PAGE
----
By installing a PV system, occupiers can generate their own ‘green’ electricity, not only reducing electricity bills but helping to offset carbon emissions. PV will play an increasingly important role in contributing towards ‘sustainable development’.
Key advantages of this type of electricity generation include:
Recent changes to planning guidance mean that you do not have to seek planning permission for roof mounted solar systems less than 200mm above your roof or for ground-mounted systems under 9m₂ unless your array is intended for a listed building. In the case of a listed building, you will need to apply for consent from your local planning authority.
However, some local authorities will insist that you acquire planning consent regardless, particularly if your potential site is in a protected area.
Therefore, always check before going ahead as retrospective permissions can be difficult to obtain.
A solar electric system is commonly referred to as a photovoltaic, a PV generator or Solar PV. It converts sunlight into electricity by a solid-state process involving no moving parts and producing no noise or emissions.
There are two types of solar PV. The most robust and efficient solar PV cells at present are made from silicon crystal and are either mono-crystalline (extracted from a single crystal) or poly-crystalline (made up of many crystals). The alternative option is a thin-film solution, which is more flexible but less efficient.
These two types of solar technologies are then incorporated into the following:
Most PV systems are formed of an array of PV modules. These modules comprise a series of interconnected PV cells, laminated between glass and a back-sheet and held within a rigid aluminum frame. PV modules are usually the most cost effective solution and can be combined to form an array of the correct size for your building and electricity demand.
PV tiles are a type of Building Integrated PV (BIPV). They can be used to directly replace standard roof tiles. They are usually more expensive than modules, but can be very cost effective where they are used to replace other building materials.
PV glazing can also be used to replace conventional building materials such as the glass roof of a conservatory. PV glazing functions to provide shelter, shading and electricity in one material. Like glazing, solar cladding can also be used in the place of other materials and can be made bespoke in order to fit the solar features of your site and electricity demand.
Solar PV could be a good option if you are considering replacing part of a roof or building façade. In some cases, solar materials may work out cheaper than conventional building materials or even offset their cost. If your potential site is a new build, it is worth considering whether you could build electricity generation into the actual fabric of the building.
The more south-facing a PV system can be, the better, as this means more sunlight will reach the PV cells. However, PV arrays will continue to work effectively at other orientations – from east through to west.
That said, annual output can be reduced if the array faces significantly away from the south.
There are many different ways of mounting a solar PV system. Generally, a 1kWp system requires approximately 8m² of roof space. If there is not enough room to mount a PV system on your roof, then Dulas would recommend a ground mounted PV system if space permits.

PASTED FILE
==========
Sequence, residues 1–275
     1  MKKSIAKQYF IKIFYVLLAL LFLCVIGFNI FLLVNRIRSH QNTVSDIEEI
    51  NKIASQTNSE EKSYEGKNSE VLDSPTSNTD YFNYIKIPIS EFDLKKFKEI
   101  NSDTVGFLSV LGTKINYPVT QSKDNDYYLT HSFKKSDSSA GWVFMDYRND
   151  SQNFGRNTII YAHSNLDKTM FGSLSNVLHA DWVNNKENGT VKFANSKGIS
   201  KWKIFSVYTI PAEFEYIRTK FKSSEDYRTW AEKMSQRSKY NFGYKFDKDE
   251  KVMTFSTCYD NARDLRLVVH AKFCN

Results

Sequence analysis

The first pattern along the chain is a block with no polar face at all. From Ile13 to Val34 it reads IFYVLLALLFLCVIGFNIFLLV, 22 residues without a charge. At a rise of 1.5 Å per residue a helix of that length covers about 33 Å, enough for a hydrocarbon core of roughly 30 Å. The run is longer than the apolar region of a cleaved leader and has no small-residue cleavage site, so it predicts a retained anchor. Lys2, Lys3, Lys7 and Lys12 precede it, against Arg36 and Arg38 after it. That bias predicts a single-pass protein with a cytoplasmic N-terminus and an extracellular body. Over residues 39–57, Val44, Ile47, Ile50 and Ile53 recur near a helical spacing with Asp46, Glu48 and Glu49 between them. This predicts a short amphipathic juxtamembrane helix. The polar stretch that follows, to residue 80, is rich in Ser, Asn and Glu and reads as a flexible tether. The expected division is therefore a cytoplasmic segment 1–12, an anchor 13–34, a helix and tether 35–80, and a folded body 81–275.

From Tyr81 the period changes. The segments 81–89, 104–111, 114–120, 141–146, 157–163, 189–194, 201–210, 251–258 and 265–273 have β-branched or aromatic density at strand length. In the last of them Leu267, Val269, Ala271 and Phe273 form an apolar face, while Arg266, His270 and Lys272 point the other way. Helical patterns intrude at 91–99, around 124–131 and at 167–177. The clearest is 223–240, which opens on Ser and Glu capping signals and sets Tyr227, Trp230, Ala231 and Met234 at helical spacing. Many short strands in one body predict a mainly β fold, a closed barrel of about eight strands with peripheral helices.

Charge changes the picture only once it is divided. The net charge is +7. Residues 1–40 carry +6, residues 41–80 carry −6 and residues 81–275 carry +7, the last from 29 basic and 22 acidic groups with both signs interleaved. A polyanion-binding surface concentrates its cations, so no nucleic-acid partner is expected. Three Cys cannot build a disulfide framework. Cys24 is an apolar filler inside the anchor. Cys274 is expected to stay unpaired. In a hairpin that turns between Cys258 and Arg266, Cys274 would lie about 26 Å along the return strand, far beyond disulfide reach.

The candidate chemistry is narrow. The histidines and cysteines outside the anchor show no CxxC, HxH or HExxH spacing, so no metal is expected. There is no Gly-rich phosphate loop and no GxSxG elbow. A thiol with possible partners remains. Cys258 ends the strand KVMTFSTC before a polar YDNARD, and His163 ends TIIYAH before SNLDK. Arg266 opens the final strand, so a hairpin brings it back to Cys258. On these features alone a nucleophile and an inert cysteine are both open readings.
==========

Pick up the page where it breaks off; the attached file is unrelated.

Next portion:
Significant shading over a PV solar system would have an effect as the efficiency of a PV array does depend on how much sunlight it receives. However, power optimisers can be used to maximise the energy harvest from your PV system. Power optimisers work by individually tuning the performance of the panel through maximum power point tracking. Dulas will recommend power optimisers if all or part of your solar array is shaded during daylight hours (by trees or buildings, for example).
For systems below 50kW, Dulas will register you on the central FiT database once your installation is complete and you will then receive a certificate confirming FiT compliance. For systems above 50kW, Dulas will guide you through the necessary process to obtain your certificate.
You must then inform your chosen energy supplier that you are eligible to receive the FIT by providing the certificate. Once the supplier has cross referenced your installation with the central FiT database and is happy that your solar PV system does register for the FiT scheme, it will transfer payments at regular intervals, pre-determined by you and your energy supplier. You may be required to provide meter readings to the suppliers if requested.
See the list of Registered FIT licensed suppliers here.
The modules that Dulas supplies come with the following warranty:
90% of specified power output after 10 years (at standard test conditions).
80% of specified power output after 20 years (at standard test conditions).
In addition, Dulas guarantees the system is free from defects in materials and workmanship under normal use for a period of two years.
There is no flat rate for the installation of a solar PV system. Please contact Dulas to discuss your needs and to receive a free no-obligation quotation. Click here to contact us
In terms of running costs, a particular advantage of solar PV, even over other types of renewable energy systems, is that running costs are very low. The installation requires no fossil fuel to run and since there are no moving parts (unless a tracking device is used) the system will need very little maintenance, if any.